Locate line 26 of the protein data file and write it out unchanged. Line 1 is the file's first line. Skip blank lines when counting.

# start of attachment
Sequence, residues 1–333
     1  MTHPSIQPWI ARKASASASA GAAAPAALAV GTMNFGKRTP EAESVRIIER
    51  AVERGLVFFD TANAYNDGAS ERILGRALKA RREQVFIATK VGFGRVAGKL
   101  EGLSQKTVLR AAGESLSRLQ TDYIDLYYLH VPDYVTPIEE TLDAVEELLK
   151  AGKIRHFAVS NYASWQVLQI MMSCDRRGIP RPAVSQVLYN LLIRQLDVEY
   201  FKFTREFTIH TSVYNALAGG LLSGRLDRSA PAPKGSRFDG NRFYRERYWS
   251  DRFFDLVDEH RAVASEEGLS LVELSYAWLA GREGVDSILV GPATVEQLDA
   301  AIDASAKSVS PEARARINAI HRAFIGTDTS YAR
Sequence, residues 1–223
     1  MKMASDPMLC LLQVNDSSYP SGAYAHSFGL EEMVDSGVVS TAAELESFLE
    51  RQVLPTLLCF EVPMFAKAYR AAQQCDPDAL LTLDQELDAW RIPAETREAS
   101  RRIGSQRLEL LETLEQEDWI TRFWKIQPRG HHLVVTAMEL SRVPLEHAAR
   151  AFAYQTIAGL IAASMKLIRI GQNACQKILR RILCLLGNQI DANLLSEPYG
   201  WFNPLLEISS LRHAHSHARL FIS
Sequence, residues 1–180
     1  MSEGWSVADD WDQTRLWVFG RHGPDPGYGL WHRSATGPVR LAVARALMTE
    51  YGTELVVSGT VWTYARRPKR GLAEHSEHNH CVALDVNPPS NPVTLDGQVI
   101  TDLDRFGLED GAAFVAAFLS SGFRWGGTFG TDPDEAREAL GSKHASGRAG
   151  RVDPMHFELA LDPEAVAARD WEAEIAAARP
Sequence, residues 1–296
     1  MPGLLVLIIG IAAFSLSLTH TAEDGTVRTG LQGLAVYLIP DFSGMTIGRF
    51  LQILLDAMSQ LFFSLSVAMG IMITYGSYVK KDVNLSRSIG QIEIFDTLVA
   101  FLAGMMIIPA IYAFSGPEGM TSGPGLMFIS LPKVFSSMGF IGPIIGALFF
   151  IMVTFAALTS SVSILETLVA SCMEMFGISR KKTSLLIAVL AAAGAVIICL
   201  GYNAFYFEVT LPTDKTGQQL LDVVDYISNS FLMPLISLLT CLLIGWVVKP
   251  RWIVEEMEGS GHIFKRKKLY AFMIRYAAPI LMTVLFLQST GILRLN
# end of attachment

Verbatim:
   251  RWIVEEMEGS GHIFKRKKLY AFMIRYAAPI LMTVLFLQST GILRLN